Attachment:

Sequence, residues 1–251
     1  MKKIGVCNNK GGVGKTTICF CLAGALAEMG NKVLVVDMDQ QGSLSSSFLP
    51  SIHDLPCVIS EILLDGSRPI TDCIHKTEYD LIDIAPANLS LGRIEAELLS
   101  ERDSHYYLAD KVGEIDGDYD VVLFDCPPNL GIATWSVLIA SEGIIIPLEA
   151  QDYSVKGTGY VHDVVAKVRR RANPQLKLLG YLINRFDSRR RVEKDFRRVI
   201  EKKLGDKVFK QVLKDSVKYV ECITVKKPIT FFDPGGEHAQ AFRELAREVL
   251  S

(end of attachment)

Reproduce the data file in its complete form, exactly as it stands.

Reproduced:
Sequence, residues 1–251
     1  MKKIGVCNNK GGVGKTTICF CLAGALAEMG NKVLVVDMDQ QGSLSSSFLP
    51  SIHDLPCVIS EILLDGSRPI TDCIHKTEYD LIDIAPANLS LGRIEAELLS
   101  ERDSHYYLAD KVGEIDGDYD VVLFDCPPNL GIATWSVLIA SEGIIIPLEA
   151  QDYSVKGTGY VHDVVAKVRR RANPQLKLLG YLINRFDSRR RVEKDFRRVI
   201  EKKLGDKVFK QVLKDSVKYV ECITVKKPIT FFDPGGEHAQ AFRELAREVL
   251  S